February 22, 2024

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Why Giants signing Blake Snell doesn't make sense in free agency – NBC Sports Bay Area & California

Why Giants signing Blake Snell doesn't make sense in free agency – NBC Sports Bay Area & California

With the pursuits of Shohei Ohtani and Yoshinobu Yamamoto in the rearview mirror — much to the Giants' chagrin — San Francisco will shift its focus to its remaining free agent targets.

Who might it be? Well, NL Cy Young Award winner Blake Snell seems to be the next obvious target.

Or is it?

Here's why pursuing Snell makes sense for the Giants.

Why does this make sense?

Snell started the 2023 season as having the best season Proven The free agent pitcher is on the market and remains available due to the slump caused by Ohtani and Yamamoto's free agencies.

The 31-year-old is a two-time Cy Young Award winner and is fresh off a dominant 2023 season with the San Diego Padres in which he posted a 14-9 record with a 2.25 ERA in 180 innings and 234 strikeouts.

Giants president of baseball operations Farhan Zaidi explained that the team is looking to add a top-level starter to pair with ace Logan Webb and Snell is the only remaining free agent who fits the bill.

He's a proven catcher who will give the Giants a one-two punch above the rotation after Snell and Webb finished first and second, respectively, in the Cy Young last season.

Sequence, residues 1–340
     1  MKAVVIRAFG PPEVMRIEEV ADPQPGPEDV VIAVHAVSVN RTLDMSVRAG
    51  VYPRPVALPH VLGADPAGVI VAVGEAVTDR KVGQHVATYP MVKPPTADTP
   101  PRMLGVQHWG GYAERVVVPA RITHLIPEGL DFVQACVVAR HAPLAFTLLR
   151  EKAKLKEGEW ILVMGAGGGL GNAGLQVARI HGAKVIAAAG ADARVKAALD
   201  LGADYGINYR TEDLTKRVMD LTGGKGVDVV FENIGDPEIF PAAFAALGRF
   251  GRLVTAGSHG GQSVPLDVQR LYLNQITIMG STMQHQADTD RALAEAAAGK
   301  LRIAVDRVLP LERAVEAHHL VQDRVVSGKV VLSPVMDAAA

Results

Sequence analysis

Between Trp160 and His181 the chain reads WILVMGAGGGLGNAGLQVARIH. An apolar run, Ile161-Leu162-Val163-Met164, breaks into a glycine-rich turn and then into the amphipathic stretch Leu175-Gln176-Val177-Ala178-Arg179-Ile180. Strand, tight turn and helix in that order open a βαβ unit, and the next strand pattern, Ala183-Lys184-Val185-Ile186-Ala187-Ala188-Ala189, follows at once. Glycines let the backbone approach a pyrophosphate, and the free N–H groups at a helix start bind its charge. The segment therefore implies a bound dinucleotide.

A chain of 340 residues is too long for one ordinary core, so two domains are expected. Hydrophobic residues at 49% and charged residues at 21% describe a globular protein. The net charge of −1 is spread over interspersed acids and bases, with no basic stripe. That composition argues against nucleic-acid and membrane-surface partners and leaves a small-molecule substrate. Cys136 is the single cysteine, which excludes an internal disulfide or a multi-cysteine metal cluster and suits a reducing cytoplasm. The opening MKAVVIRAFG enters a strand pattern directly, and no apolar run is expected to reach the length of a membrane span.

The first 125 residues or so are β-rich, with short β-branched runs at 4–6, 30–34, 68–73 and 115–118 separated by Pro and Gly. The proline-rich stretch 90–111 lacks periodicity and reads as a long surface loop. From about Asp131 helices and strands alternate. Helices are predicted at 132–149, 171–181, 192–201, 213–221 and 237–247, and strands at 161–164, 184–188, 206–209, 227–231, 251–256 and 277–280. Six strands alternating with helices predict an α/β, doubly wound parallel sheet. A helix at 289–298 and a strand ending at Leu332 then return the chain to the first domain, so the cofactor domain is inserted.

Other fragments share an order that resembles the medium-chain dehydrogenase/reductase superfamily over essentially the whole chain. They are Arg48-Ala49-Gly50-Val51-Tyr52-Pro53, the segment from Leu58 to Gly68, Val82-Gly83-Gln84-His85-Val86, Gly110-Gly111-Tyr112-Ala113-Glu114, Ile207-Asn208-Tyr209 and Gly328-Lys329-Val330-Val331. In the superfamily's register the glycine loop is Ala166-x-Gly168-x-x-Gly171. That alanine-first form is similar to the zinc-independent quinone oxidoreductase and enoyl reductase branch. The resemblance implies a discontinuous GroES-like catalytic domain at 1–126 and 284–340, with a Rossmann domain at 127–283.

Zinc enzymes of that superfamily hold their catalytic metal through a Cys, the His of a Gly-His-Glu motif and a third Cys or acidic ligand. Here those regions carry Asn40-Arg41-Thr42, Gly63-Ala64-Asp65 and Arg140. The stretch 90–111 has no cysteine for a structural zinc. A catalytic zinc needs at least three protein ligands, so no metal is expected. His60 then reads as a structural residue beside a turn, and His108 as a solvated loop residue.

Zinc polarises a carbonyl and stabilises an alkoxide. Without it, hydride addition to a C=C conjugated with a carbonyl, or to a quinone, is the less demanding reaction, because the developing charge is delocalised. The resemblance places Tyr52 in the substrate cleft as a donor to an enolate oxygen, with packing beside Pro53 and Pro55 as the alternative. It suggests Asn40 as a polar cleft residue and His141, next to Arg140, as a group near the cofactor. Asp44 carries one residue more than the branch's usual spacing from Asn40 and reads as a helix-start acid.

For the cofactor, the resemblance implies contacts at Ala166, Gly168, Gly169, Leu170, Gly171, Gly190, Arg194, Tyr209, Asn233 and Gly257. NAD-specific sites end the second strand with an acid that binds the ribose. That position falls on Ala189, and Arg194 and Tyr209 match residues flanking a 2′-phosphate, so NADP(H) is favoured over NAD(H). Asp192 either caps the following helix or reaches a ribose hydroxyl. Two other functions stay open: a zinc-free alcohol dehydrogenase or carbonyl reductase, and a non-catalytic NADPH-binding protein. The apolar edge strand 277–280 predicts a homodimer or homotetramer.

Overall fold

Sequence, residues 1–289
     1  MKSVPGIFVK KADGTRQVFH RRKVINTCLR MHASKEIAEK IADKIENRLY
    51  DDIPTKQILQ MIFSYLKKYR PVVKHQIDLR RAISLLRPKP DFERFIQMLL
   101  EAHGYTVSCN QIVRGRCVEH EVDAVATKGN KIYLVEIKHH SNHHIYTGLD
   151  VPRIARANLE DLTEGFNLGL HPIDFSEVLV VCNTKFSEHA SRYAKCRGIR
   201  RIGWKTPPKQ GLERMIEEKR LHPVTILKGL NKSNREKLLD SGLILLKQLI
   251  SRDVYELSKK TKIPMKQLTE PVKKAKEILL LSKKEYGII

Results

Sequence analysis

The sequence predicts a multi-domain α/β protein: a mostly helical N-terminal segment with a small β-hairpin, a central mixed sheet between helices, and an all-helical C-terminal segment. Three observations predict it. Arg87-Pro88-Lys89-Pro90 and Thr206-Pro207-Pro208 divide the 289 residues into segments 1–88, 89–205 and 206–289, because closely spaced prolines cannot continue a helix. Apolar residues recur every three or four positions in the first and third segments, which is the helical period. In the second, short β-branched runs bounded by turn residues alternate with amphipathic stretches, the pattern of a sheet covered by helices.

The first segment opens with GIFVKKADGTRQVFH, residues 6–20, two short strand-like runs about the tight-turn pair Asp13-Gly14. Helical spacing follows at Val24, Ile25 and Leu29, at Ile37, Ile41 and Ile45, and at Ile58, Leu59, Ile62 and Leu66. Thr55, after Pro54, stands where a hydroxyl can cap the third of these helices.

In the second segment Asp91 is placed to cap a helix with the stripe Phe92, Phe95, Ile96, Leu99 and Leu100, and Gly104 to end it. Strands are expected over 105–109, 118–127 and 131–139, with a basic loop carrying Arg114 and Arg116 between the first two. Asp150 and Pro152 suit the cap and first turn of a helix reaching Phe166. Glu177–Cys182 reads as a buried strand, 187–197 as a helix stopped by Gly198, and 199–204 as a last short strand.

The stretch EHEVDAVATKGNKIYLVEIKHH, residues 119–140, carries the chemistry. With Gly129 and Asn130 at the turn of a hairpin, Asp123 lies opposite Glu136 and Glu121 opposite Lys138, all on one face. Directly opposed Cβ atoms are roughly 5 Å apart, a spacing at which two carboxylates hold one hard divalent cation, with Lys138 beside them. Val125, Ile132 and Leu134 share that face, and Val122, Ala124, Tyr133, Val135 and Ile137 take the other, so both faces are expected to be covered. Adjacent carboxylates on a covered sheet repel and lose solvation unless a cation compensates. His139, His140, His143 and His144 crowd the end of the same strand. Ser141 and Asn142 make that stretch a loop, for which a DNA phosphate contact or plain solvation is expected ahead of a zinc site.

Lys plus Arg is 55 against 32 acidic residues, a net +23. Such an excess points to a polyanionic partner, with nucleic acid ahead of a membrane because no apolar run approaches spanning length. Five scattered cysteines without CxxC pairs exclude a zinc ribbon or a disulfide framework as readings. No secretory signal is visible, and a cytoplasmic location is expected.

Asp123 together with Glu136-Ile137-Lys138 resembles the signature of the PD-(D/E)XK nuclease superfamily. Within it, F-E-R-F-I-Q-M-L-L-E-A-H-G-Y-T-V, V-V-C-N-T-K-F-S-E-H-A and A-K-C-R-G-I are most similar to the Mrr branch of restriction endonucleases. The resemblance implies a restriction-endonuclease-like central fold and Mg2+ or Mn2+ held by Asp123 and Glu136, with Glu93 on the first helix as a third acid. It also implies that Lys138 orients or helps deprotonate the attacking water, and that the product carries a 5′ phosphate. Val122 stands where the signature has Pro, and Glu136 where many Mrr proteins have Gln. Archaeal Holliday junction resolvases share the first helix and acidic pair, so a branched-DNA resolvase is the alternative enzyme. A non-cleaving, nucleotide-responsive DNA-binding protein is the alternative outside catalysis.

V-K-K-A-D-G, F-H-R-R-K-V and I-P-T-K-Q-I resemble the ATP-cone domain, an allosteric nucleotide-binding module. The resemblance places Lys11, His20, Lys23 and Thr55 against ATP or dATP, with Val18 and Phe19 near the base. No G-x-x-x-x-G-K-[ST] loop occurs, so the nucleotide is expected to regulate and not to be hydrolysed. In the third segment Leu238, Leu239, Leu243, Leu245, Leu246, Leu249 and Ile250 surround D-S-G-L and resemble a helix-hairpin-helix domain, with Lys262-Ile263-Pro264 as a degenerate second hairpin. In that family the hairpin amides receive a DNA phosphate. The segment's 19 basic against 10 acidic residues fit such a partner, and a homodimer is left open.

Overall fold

Snell also played for current Giants manager Bob Melvin in San Diego. That familiarity, combined with the pitcher-friendly limits at Oracle Park and the Giants' desperation to make a big move makes this a perfect fit.

why not

The biggest knock against Snell is his leadership. He led all MLB pitchers in walks given up last season with 99, which was 30 free passes more than his highest season total at any point throughout his eight-year MLB career.

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However, he won the Cy Young.

Despite posting an impressive 2.25 ERA, Snell finished the season with a 3.44 FIP (pitching-independent field), which may indicate that a regression toward the mean is on the horizon.

As dominant as Snell was in 2023 and how good of a pitcher he should be from here on out, he doesn't fit the typical mold of a free-agent pitching target for the Giants.

Snell is represented by superagent Scott Boras, who will likely push his client for the largest contract in terms of average annual value by a free agent this offseason, surpassing Yamamoto's mark of $27 million per season.

This shouldn't be an issue for the Giants at all. San Francisco has enough financial flexibility to take on several high AAV contracts. But what can be a problem is the length of the contract.

The Giants have made their philosophy regarding free-agent shooters quite clear over the years. At 31 years old, a contract longer than four or five years for Snell goes against every part of the Giants' being.

That philosophy prevented the Giants from a potentially disastrous contract for Carlos Rodon last season but also led to Kevin Guzman slipping through their fingers two seasons ago in what was arguably the organization's biggest mistake under Zaidi.

What path will Snell's signing take them?

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